Bikie laws and penalties for domestic violence were key questions in the Vote Compass survey of almost 42,000 Queenslanders covered by ABC News.
QUT’s Associate Professor Mark Lauchs from QUT’s School of Justice said the findings showed people did want action taken on bikie crime.
“But they have a sense of fair play. They don’t want extra legislation to have them punished with greater penalties than any other person,” Professor Lauchs said.
“There is general support for tough action to reduce crime by motorcycle gangs.”
He said the breakdown of the figures along political party lines was “predictable” with twice as many Liberal voters as any other party voter saying they “somewhat agree” or “strongly agree” to the statement: “A member of a bikie gang should receive a tougher sentence than someone else convicted of the same crime”.
Professor Kerry Carrington said that unsurprisingly more women than men had chosen “much more tough” as a response to the question: “How tough should penalties be for domestic violence in Queensland?”
“Women are primarily victims of domestic violence and we have a big problem of under-reporting,” she said.
“It’s a cry for help as it’s an invisible problem. We don’t have a holistic approach to combatting domestic violence. Our responses are compartmentalised, patchy and not supported because a lot of the services which used to assist women have had their funding cut.”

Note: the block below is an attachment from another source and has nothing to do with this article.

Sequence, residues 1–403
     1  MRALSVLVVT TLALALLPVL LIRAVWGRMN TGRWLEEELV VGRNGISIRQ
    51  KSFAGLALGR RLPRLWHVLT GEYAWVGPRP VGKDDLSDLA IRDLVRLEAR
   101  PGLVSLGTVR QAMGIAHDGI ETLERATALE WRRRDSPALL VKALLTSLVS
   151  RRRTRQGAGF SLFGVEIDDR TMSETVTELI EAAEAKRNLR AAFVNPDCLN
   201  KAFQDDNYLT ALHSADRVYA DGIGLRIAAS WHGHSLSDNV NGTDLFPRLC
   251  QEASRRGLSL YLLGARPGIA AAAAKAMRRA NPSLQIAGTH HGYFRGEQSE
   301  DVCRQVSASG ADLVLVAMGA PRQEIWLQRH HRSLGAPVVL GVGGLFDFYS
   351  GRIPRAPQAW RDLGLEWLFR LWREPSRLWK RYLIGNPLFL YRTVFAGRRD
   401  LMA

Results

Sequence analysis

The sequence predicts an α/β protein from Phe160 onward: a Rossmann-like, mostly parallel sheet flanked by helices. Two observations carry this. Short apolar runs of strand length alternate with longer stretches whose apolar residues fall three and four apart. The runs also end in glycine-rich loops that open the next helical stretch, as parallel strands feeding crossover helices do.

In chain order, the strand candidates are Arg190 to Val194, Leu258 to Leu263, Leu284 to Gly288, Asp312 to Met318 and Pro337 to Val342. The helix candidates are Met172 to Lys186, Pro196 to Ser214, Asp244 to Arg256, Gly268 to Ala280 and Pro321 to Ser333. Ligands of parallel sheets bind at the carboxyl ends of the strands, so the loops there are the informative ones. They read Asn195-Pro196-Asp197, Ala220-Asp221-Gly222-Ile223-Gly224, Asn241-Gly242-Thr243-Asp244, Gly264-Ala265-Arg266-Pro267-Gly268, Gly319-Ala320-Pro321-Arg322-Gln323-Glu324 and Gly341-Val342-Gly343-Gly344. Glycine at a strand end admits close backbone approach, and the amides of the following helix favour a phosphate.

Professor Carrington said it was no surprise that there was no discrepancy between responses from women in the city and in the bush who were in equal agreement on much tougher penalties.
“The message has got out to women that domestic violence is a crime and should not be tolerated.”
Professor Carrington said rates of reported crime had dropped by around 2 per cent from 2013 to 2014.
“This is consistent with the long-term steady decline in crime across the State over the past 12 years – a 22 per cent drop between 2002 to 2014.
“Crime rates are declining in many parts of the western world. We don’t know exactly why.
“From 2013 to 2014 there was a 4.5 per cent drop in offences against the person, a 9.5 per cent decline in property offences and a 12.5 per cent increase in ‘other offences’.
“Offences that went up in the ‘other’ category include drug, weapons, good order, public nuisance and liquor offences, and breach of domestic violence orders offences.”
The findings are based on 41,458 respondents to Vote Compass from January 13 to January 19, 2015. Though not a poll, respondent data are weighted using the latest census date to approximate a representative sample of the Victoria population.
Developed by a team of social and statistical scientists from Vox Pop Labs, Vote Compass is a democratic engagement tool offered in Australia exclusively by the ABC.
Media contact: Niki Widdowson, QUT media, 07 3138 2999 or [email protected]